This is actually not a bad idea. My wife and I attend a yearly homeschool
conference because we do in fact homeschool our children. A good percentage
of homeschoolers are religious, but not all of them. At first most were and
so most classes at the conf involved religous discussions, however, as time
went on, and more and more famililes entered homeschooling, the target
audience became less niche, and more mainstream. People began complaining
that they were being blind sided by religion when it was unexpected. So, a
few years ago, they began to note on the schedule which classes contained
religious content and you could choose to avoid it if it offended you.
The thing is, wether Matt offended anyone or not, he has the right to say
what he wants when he's speaking. And you as an attendee have the right to
love it or hate it. You can complain if you want, you can choose to never
attend his talks again, or you can applaud him. His freedom to present, your
freedom to receive. You can even get up and walk out. But its not your right
to try and censor what somebody has to say. If enough attendees complain to
a conference, you might persuade the conf to no longer invite that speaker,
and if not, then your are in the minority and you have to live with it.
There are an awful lot of people in this day and age who seem to be offended
by just about everything...and almost seek a chance to be offended. That's
your right, just as much as its Matt's right to use hot chicks to make a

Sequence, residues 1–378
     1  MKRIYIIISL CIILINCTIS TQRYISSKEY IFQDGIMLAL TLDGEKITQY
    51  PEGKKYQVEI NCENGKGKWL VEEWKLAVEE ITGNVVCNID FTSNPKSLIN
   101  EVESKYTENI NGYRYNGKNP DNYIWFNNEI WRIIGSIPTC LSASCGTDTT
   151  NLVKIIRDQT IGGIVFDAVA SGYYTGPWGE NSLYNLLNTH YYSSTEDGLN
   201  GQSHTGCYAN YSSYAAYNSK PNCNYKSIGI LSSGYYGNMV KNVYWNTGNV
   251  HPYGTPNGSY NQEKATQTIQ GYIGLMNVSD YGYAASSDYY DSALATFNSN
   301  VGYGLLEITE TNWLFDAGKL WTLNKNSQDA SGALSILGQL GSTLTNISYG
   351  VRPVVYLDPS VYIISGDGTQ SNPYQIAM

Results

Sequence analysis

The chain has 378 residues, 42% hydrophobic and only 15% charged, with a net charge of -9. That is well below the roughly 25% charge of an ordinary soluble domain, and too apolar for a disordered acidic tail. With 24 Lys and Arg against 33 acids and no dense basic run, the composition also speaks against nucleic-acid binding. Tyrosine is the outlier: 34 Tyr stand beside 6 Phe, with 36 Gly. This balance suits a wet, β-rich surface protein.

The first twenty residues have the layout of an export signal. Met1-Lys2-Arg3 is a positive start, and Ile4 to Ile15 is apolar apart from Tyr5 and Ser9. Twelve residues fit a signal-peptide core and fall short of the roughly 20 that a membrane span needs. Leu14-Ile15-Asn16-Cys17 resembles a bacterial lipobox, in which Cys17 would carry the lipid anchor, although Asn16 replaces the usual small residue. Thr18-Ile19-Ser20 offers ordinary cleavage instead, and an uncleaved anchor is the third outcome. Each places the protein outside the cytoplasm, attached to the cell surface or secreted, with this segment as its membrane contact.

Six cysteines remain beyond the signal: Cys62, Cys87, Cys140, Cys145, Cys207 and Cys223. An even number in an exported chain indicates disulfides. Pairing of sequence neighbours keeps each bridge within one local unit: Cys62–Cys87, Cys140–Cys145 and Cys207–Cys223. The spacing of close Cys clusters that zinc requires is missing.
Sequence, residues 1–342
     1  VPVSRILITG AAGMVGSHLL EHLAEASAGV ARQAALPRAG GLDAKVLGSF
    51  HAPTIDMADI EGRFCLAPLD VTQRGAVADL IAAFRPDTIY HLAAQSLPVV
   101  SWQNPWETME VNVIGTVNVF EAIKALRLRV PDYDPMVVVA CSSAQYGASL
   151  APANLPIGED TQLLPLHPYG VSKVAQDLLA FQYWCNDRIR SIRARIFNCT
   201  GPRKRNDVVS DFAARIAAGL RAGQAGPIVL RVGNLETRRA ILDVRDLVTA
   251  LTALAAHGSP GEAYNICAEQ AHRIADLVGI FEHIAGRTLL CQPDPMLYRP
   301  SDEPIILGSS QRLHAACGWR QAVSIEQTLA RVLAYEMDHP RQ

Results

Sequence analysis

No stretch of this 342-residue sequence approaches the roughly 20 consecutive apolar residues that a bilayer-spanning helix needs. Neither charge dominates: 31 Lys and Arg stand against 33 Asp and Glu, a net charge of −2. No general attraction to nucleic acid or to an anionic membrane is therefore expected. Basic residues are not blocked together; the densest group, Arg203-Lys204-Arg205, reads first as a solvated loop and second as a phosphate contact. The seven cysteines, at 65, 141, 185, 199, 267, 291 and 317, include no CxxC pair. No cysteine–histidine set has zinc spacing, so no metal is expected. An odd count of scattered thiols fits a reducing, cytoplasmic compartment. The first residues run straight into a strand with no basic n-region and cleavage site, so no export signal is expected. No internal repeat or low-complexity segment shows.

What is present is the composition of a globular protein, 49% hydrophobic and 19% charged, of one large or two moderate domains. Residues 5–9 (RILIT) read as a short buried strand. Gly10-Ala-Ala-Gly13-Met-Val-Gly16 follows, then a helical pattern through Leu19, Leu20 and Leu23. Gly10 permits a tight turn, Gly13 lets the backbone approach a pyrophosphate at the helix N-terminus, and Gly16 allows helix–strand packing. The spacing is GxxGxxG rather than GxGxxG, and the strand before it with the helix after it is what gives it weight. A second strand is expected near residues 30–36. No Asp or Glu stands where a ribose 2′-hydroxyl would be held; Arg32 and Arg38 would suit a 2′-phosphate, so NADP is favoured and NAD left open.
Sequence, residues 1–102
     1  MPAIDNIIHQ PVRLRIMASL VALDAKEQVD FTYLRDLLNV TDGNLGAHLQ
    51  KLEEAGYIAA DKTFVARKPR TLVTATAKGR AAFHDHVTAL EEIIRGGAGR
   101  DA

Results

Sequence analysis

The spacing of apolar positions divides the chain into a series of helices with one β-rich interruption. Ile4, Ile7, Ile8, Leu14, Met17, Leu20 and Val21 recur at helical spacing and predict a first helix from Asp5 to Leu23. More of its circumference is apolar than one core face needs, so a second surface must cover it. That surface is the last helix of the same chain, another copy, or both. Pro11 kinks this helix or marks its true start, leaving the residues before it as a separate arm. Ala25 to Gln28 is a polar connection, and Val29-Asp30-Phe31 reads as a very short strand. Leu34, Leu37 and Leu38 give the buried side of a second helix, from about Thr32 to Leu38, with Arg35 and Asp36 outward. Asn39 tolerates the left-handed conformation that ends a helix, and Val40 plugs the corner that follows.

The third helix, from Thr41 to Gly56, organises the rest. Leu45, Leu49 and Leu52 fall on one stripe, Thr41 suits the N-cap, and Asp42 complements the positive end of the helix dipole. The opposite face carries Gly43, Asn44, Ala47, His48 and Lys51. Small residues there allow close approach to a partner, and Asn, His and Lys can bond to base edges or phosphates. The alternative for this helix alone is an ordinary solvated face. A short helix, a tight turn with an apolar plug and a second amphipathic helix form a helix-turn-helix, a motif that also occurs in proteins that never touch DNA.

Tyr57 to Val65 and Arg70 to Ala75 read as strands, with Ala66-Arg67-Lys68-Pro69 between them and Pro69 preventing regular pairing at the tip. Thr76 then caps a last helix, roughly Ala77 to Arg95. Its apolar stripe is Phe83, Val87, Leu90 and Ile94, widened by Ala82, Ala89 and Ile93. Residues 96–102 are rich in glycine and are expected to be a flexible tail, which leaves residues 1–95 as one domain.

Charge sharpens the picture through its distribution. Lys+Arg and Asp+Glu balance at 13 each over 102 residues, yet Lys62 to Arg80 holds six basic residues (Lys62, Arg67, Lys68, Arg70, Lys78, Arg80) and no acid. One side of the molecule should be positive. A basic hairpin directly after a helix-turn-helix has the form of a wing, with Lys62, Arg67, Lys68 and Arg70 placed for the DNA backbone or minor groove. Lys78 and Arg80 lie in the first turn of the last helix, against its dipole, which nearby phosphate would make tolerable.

point. Personally, I'm glad I live in a country where this kind of freedom
exists, and though I could do without some of frequent usage of "colorful"
words in RoR talks now days I'm not about to ask for people to step down or
be silenced, because I know I can leave, and even stop attending if need be.
If you think the information should be presented without content that
offends you, then do so, and be such a fantastic presenter that more people
attend your talks than those you find offensive. This has nothing at all to
do with the RoR community. You can find a way to be offended in anything you
do, from anyone you are around, in anything you watch, or in anything you
read, but thankfully, you have the freedom to choose who to be around, what
to do with your time, what to watch and what to read. You can also choose
which web framework to use, and the framework you choose is independent of
the presentation content provided at any conference or the language and
styles used by any presenters.
On Tue, Apr 28, 2009 at 6:02 PM, DHH <david.heineme...
> > Our biggest problem right now is not Matt's talk per se, not even
> > porn, sexism etc. though these are serious issues too. The problem is
> > that we can't treat the problem in a satisfactory way, or at least
> > suggest a plan how might that happen.
> I agree with that. Here's one proposal: Start rating your conference
> or track according to the material. The movie standards of PG, M, and
> R would do just fine. Then people can self-select on the type of
> content that they're willing to hear.
> I, for example, can just make sure that I only attend or speak at M
> and R rated conferences and tracks. If you're offended by profanity,
> for example, you'd be forewarned that sitting in on an M or R track
> would be a bad idea.
> That's how a movie theater manages to cater to all kinds of people
> from all kinds of backgrounds. I think that fits well for this.